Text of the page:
Harvest preparation will be a bit different for Arkansas cotton farmers this fall.
Rolling pickers into the field early will be an advantage to avoid late-season weather threats and to hold onto what looks to be a record yield, says University of Arkansas cotton specialist Bill Robertson.
“That first stretch at the start of the harvest season is important,” Robertson says. “We can take advantage of longer days in the field. Later in the season, as we cool off, we can’t start as early or stay as late.”
The 2020 crop also offers unique difficulties. Hurricane Laura, although not as damaging as expected, did create some unusual challenges.
“I was pleasantly surprised at how little impact we had from Laura,” Robertson says. “I had 4 inches of rain at my house. We have had close to another 3 inches from storms that came after Laura. My real concern for our cotton crop is boll rot.”
He says the storm left cotton “leaning over but not laying down flat. Some cotton doesn’t look like anything happened to it; some fields are a tangled-up mess. It’s hard to walk through.”
Oddly, Robertson says, the cotton that’s still standing straight looks good but does not have the boll load of the tangled-up mess. “The tangled cotton should still pick well,” he says.
“For now, we are still set for a really good cotton yield. However, boll rot is becoming more prevalent in fields. We need a break from wet conditions.”
The National Agriculture Statistics Service (NASS) estimates a 1,195 pounds-per-acre yield. “We’re in perfect alignment with NASS,” Robertson says. “Our cotton looks good, really good boll retention all the way through the season. We have good plant height and a good uniform boll load.”
He says farmers are becoming more adjusted to applying heavier rates of Pix on aggressive varieties early.
Defoliation will be interesting, he says. “We thought defoliation would be fairly easy before Laura hit; we had a big boll load, and the plant was getting tired. But Laura brought a lot of rain and wind. Now, regrowth potential is out the roof. Harvest aids are going to work differently.”
He says plant activity after the storm “jumped up.” Plant activity is hormone-driven, Robertson says. “It will take a bit more effort to get hormone balance where it needs to be to get leaves to fall off and bolls open. Harvest aids simply synchronize the natural process of defoliation and boll opening.”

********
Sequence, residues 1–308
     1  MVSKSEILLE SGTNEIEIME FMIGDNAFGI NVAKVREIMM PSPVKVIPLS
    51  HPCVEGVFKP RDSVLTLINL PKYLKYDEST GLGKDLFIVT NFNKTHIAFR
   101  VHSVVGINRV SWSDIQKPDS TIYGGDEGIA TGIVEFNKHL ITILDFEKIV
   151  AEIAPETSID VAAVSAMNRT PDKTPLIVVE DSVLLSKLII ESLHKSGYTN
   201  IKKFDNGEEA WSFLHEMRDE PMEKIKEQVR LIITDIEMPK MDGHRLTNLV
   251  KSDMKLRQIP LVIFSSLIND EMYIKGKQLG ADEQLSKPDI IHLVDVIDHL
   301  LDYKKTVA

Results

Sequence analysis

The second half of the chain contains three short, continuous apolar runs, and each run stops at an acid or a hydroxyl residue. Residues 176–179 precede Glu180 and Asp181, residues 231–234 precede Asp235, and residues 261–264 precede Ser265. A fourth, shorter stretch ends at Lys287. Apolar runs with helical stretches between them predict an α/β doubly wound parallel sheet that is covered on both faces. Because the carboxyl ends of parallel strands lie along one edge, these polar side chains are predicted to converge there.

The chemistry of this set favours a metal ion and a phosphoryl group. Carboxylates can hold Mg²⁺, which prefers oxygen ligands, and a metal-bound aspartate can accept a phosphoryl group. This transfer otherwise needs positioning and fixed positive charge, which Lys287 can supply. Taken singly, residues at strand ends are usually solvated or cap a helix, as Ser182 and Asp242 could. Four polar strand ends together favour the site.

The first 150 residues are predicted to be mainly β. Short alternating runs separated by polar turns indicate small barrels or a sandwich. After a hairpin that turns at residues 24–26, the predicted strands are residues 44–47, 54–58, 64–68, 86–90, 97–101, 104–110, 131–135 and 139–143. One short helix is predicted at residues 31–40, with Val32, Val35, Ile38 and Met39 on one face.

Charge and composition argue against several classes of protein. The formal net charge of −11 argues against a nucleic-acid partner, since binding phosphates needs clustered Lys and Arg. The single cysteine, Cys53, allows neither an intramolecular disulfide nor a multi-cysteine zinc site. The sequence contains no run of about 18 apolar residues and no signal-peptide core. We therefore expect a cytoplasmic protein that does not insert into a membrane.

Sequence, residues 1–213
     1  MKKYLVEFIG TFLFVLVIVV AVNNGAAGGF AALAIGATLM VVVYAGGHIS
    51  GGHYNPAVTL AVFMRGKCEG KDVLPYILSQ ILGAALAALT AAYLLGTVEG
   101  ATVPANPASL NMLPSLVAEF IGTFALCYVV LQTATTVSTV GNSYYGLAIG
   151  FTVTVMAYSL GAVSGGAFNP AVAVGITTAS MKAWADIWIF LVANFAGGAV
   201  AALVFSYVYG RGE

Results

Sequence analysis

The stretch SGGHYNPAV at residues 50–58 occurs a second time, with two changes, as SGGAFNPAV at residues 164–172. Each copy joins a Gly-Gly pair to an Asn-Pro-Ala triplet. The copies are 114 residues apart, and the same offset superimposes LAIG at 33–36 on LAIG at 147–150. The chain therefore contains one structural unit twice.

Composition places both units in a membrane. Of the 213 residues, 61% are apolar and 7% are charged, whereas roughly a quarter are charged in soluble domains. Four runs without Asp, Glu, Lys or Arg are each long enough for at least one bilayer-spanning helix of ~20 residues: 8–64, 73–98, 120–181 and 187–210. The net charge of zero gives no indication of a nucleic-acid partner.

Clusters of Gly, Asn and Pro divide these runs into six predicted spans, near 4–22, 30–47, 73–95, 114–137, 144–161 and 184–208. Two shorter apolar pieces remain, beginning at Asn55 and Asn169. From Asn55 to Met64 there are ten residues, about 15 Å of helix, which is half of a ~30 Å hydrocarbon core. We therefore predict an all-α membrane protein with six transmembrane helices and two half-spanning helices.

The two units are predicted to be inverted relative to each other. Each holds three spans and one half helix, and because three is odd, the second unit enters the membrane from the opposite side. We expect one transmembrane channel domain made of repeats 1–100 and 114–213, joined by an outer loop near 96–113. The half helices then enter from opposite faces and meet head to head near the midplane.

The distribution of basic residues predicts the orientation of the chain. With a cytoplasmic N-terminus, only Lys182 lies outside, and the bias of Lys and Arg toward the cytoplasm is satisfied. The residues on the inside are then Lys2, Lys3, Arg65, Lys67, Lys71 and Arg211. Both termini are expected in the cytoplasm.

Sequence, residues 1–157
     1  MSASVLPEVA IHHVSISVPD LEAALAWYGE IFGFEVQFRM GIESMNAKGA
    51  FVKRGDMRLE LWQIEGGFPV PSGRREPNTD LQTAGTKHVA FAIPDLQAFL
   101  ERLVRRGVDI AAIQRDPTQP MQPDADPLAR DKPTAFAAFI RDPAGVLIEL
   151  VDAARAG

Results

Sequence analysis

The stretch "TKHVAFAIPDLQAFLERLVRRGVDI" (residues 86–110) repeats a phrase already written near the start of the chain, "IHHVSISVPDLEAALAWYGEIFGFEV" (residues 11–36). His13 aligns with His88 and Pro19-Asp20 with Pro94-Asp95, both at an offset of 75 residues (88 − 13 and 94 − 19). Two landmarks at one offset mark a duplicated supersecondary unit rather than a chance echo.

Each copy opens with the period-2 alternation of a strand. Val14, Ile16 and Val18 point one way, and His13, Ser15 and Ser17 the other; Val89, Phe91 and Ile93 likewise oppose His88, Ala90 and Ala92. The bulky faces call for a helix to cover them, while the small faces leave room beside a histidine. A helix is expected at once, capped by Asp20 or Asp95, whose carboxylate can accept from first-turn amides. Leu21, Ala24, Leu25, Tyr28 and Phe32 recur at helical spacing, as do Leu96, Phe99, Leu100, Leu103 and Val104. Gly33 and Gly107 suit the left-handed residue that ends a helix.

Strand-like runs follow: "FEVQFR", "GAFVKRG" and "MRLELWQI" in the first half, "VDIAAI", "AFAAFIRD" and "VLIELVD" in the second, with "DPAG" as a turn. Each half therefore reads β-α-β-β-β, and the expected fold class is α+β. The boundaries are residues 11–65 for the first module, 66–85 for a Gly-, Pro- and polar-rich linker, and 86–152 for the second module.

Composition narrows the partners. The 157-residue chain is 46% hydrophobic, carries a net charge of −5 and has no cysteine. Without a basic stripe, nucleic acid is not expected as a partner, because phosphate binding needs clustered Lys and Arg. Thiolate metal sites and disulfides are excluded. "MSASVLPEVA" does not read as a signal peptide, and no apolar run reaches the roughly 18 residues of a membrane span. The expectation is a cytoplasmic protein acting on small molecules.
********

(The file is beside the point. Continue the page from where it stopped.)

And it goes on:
He says farmers can’t afford to wait too long to begin the process. He also says relying on only percent open bolls to schedule harvest aid application might not be the best measure this year. “We need to get in the field and slice bolls,” he says.
“We may have fields mature enough to defoliate that are 40% open or less. Slice bolls to know where you are.”
He says cotton plants now “are so active that natural boll opening has slowed down. Bolls are still maturing; fiber development is driven by heat units, fibers continue to mature, but bolls are not opening as expected. The percent open boll guideline likely will be a terrible measure of maturity to schedule harvest aid timings this year.
“Slicing bolls and monitoring heat units beyond cutout are likely our best measures to gauge maturity. I’m comfortable defoliating at 850 to 900 heat units after cutout.
“We are getting close,” he says, “especially in fields planted at the end of April that were flowering the first of July. It’s time to look at pulling the trigger.”
That first defoliation is really the only opportunity for a cotton farmer to set a schedule. “After that, we just stay ahead of the pickers,” he says.
Robertson expects some farmers to apply harvest aids by air, a practice that some hesitate to use but with wet soil conditions, tangled cotton, and the need to get started might be more appealing.
He says ground applications with 120-foot ground rigs will be common as the soil dries and the plants are not too tangled.
Time to start
“As soon as the weather allows, a lot of cotton farmers will begin to defoliate.
“Laura changed the complexion of this crop, Robertson says. “But we still have to get pickers in the field soon if we are going to finish by our goal of Nov. 1.”
Estimates indicate a near half-million-acre Arkansas cotton crop for harvest. “The Boll Weevil Eradication Program estimate is just shy of a half-million,” Robertson says. FSA estimates a half-million.”
The chore now, he says, is to take advantage of early fall weather and get the crop to the gin.